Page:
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Look with electrification, obviously there's a big movement towards that. There's all sorts of investments, there's all sorts of stories. There's all sorts of chatter. To me it's exactly the point of when do you strike the marketplace? And of course that's going to be a balance. First and foremost you have the ZEV and compliance and CO2 mandates that are coming from the government without a doubt. The second thing of course you have is you have the ability now with the technology and of course the lower cost of that technology to put a proper car on the road. And the third one is customer sentiment for electric cars is getting stronger and stronger each and every year. In my mind it's sort of swung from, what is an electric car? Then it swung to, I know what an electric car is, I don't want one. Now it's swung through, I'm interested in the car and now it's, I'm interested in that being my next car. I'm always pretty straightforward with these things. What a consumer wants is they want to buy the future and they buy something that's extremely cool. And I think Volkswagen's going to put a car on the marketplace that's going to be the future, that's going to be extremely cool. But the big trick here is getting the price right. I can drive the future at the right price for me. And if you look at what sells cars, it's pretty straightforward what sells cars. What sells cars is driver image. Someone pulls up and see someone else in a vehicle and they say wait, they have something I don't have. They have the future. And you get that tipping point and when the tipping point comes... Boom. And that's exactly what we're looking at with electric vehicles. That tip is happening between customer demand, price points, and putting a real car on the marketplace. Not a quirky car. A real car. And that's what we have.

On Monday, Jan. 14, Volkswagen (VLKAY) announced that it selected its manufacturing plant in Chattanooga, Tenn., as ground zero for the company's first electric vehicle facility in North America.  TheStreet contributor M. Corey Goldman covered the news

The German automaker confirmed in a news release coinciding with the kickoff of the Detroit Auto Show Monday that it will expand its plant in Chattanooga and create 1,000 jobs there as the factory gears up for electric vehicle production beginning in 2022.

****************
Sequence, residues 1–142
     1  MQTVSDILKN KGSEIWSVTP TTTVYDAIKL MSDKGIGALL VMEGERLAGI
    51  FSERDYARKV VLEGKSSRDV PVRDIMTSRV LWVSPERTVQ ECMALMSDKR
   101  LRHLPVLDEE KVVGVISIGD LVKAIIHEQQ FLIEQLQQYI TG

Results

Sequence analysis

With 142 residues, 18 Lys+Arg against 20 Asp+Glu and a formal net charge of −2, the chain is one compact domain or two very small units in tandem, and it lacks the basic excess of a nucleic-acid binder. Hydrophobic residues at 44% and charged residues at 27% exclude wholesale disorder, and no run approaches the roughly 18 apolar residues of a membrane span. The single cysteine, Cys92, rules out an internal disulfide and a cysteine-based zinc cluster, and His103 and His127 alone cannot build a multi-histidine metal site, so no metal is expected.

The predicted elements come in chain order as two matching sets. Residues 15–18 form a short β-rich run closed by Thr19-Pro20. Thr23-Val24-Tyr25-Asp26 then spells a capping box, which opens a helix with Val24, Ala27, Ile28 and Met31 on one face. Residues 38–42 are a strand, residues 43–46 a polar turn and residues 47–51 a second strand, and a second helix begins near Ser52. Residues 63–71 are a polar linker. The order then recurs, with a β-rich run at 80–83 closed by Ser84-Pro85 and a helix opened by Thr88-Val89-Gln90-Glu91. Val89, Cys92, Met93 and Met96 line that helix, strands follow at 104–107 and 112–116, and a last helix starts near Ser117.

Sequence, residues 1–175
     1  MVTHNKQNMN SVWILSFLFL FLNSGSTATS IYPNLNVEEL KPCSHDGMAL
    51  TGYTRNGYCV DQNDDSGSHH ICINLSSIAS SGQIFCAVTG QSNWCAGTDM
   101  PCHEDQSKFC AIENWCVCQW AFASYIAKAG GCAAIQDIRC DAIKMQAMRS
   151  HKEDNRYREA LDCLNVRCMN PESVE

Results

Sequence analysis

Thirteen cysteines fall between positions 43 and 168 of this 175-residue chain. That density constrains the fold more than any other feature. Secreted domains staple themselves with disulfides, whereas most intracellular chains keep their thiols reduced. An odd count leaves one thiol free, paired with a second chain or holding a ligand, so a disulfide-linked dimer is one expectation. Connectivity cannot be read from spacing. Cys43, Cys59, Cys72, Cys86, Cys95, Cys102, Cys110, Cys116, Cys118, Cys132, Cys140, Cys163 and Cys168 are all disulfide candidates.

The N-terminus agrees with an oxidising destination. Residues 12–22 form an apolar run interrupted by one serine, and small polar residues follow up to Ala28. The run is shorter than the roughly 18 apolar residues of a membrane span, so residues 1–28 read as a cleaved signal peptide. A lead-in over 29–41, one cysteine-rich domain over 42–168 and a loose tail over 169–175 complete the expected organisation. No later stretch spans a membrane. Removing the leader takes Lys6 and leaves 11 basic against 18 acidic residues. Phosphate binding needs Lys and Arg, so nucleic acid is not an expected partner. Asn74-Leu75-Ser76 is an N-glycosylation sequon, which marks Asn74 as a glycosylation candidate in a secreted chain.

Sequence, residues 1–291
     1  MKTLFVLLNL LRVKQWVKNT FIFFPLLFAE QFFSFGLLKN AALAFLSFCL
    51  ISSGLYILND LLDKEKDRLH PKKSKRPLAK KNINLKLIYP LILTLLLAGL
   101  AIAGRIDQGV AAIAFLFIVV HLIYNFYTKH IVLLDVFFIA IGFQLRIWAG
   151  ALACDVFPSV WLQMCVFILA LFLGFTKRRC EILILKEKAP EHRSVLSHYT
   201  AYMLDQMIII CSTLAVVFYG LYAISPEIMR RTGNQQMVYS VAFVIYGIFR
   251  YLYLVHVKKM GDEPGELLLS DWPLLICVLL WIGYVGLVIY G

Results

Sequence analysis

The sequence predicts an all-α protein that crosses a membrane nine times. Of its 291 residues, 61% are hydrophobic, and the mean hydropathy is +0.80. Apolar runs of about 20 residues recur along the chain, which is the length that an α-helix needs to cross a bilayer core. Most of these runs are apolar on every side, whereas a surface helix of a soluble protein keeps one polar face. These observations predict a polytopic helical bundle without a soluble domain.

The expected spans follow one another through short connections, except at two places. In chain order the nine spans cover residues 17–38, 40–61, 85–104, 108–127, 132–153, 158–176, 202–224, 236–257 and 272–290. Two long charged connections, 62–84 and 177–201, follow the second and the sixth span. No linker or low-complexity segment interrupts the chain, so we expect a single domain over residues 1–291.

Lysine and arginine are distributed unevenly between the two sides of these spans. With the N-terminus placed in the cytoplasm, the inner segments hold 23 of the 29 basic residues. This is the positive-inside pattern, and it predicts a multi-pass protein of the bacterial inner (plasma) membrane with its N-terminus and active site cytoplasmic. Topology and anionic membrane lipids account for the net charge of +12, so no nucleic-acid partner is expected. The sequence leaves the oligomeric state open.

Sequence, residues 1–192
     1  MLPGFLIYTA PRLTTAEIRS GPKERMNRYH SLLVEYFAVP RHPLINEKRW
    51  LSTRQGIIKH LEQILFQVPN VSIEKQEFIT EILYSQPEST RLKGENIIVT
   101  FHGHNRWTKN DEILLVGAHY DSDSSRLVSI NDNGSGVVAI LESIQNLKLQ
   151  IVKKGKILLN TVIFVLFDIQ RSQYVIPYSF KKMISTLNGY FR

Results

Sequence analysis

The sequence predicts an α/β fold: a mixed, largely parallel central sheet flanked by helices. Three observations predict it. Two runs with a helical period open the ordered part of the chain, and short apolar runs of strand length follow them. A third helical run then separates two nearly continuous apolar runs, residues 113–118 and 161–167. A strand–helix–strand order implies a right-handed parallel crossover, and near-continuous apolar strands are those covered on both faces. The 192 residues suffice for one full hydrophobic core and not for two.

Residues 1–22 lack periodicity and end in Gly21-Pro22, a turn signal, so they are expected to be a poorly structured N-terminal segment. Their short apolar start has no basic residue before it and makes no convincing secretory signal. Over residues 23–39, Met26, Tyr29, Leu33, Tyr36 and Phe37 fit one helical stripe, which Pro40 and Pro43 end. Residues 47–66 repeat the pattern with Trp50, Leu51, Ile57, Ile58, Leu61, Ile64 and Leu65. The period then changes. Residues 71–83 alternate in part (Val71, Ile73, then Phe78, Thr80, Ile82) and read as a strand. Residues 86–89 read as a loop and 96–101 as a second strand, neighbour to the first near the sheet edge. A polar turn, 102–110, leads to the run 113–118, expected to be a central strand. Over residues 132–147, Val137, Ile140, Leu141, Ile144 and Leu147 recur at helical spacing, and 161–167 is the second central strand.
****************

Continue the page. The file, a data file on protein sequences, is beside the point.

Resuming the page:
Volkswagen currently employs 3,500 people in Tennessee, and at year-end will have invested $2.3 billion in the facility. The Chattanooga plant produces the midsize Atlas SUV and Passat sedan and will begin building the Atlas Cross Sport, a five-seat version of the model, this year.

Scott Keogh, CEO of VW of America, will head up Volkswagen's electric vehicle team. Keogh sat down with TheStreet about the future of electric cars and how VW is becoming a U.S. company thanks to the Tennessee news. 

"What a consumer wants is they want to buy the future and they buy something that's extremely cool. And I think Volkswagen's going to put a car on the marketplace that's going to be the future, that's going to be extremely cool. But the big trick here is getting the price right. I can drive the future at the right price for me. And if you look at what sells cars, it's pretty straightforward what sells cars," he said. "What sells cars is driver image. Someone pulls up and see someone else in a vehicle and they say wait, they have something I don't have. They have the future. And you get that tipping point and when the tipping point comes... Boom. And that's exactly what we're looking at with electric vehicles. That tip is happening between customer demand, price points, and putting a real car on the marketplace. Not a quirky car. A real car. And that's what we have."